ssed of ample bodily strength. In frontier life it is not only needed for useful labor of many kinds, but is also called upon to aid in popular amusement. There was a settlement in the neighborhood of New Salem called Clary's Grove, where lived a group of restless, rollicking backwoodsmen with a strong liking for various forms of frontier athletics and rough practical jokes. In the progress of American settlement there has always been a time, whether the frontier was in New England or Pennsylvania or Kentucky, or on the banks of the Mississippi, when the champion wrestler held some fraction of the public consideration accorded to the victor in the Olympic games of Greece. Until Lincoln came, Jack Armstrong was the champion wrestler of Clary's Grove and New Salem, and picturesque stories are told how the neighborhood talk, inflamed by Offutt's fulsome laudation of his clerk, made Jack Armstrong feel that his fame was in danger. Lincoln put off the encounter as long as he could, an
d been erected in which to hold its sessions, and it was estimated that ten thousand persons were assembled in it to witness the proceedings. William H. Seward of New York was recognized as the leading candidate, but Chase of Ohio, Cameron of Pennsylvania, Bates of Missouri, and several prominent Republicans from other States were known to have active and zealous followers. The name of Abraham Lincoln had also often been mentioned during his growing fame, and, fully a year before, an ardent Ret needed but little political arithmetic to work out the sum of existing political chances. It was almost self-evident that in the coming November election victory or defeat would hang upon the result in the four pivotal States of New Jersey, Pennsylvania, Indiana, and Illinois. It was quite certain that no Republican candidate could carry a single one of the fifteen slave States; and equally sure that Breckinridge, on his extreme pro-slavery platform, could not carry a single one of the eight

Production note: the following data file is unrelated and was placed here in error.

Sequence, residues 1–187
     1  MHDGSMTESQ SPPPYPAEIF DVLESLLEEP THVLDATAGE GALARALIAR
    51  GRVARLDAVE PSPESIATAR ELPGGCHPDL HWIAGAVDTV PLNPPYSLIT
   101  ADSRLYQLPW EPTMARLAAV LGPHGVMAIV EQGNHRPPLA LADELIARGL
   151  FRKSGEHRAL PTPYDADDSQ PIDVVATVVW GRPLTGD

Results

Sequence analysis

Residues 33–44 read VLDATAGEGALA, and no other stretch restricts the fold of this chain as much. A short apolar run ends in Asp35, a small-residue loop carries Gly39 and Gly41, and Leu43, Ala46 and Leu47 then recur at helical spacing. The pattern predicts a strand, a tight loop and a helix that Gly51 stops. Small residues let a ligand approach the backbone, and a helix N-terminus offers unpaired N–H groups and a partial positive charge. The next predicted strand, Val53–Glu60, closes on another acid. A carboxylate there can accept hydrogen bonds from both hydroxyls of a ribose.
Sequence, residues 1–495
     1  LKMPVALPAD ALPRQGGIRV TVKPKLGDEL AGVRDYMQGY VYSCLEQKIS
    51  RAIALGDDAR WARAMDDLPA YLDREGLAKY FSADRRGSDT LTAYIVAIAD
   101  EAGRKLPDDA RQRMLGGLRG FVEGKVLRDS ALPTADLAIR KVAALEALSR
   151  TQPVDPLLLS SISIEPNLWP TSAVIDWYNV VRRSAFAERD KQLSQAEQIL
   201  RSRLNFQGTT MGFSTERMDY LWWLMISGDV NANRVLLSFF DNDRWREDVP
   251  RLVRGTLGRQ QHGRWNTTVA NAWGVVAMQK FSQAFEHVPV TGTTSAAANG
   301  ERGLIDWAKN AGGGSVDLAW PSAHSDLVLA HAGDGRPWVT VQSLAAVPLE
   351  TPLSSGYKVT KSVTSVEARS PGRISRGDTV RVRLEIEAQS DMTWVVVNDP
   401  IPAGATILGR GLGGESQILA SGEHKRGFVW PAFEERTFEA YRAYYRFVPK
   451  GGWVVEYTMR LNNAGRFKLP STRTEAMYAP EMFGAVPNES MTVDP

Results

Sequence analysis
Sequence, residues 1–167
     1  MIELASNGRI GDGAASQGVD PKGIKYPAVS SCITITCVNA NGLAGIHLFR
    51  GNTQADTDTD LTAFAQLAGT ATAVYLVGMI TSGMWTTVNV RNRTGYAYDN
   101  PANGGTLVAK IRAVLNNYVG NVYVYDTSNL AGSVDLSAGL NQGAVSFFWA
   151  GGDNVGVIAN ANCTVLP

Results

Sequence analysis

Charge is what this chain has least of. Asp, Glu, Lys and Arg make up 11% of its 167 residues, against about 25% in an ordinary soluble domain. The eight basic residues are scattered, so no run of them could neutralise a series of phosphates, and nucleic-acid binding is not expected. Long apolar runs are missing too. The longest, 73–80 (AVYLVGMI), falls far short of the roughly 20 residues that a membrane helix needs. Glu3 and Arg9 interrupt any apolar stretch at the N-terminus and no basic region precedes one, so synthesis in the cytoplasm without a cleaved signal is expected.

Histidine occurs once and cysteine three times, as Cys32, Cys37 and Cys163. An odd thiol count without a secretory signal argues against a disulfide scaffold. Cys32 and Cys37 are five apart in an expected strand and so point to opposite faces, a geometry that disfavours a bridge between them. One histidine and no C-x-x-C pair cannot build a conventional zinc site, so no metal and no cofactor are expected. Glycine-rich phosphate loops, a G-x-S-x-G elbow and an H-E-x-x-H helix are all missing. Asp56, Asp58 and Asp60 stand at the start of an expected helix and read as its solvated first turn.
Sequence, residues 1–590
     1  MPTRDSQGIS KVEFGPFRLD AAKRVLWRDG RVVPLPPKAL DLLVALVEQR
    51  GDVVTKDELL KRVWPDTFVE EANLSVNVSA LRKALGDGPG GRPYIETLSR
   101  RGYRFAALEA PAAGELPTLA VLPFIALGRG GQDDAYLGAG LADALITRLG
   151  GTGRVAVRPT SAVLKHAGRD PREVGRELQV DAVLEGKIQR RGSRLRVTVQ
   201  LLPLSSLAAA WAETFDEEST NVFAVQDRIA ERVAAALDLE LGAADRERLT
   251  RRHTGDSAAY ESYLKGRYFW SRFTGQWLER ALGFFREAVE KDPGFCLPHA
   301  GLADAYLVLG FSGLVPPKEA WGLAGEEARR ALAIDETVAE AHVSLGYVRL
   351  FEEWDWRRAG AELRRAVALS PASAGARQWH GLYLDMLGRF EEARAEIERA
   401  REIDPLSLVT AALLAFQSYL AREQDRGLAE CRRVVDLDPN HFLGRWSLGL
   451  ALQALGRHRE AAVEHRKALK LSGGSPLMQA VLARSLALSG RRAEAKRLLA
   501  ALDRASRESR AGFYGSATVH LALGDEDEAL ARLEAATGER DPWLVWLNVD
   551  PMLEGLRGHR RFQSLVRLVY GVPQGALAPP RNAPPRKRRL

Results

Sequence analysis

ed that the seventeen Democratic States which had voted at Charleston for the seceders' platform could, if united with Pennsylvania alone, elect the Democratic nominees against all opposition. This hope doubtless floated before their eyes like a willo‘--the-wisp until the October elections dispelled all possibility of securing Pennsylvania for Breckinridge. From that time forward there began a renewal of disunion threats, which, by their constant increase throughout the South, prepared the pu of a division of the spoils. Such a combination made considerable progress in the three Northern States of New York, Pennsylvania, and New Jersey. It appears to have been engineered mainly by the Douglas faction, though, it must be said to his cre the whole opposition vote of the State of New York was cast for this fusion ticket. The same tactics were pursued in Pennsylvania, where, however, the agreement was not so openly avowed. One third of the Pennsylvania fusion electoral candidates we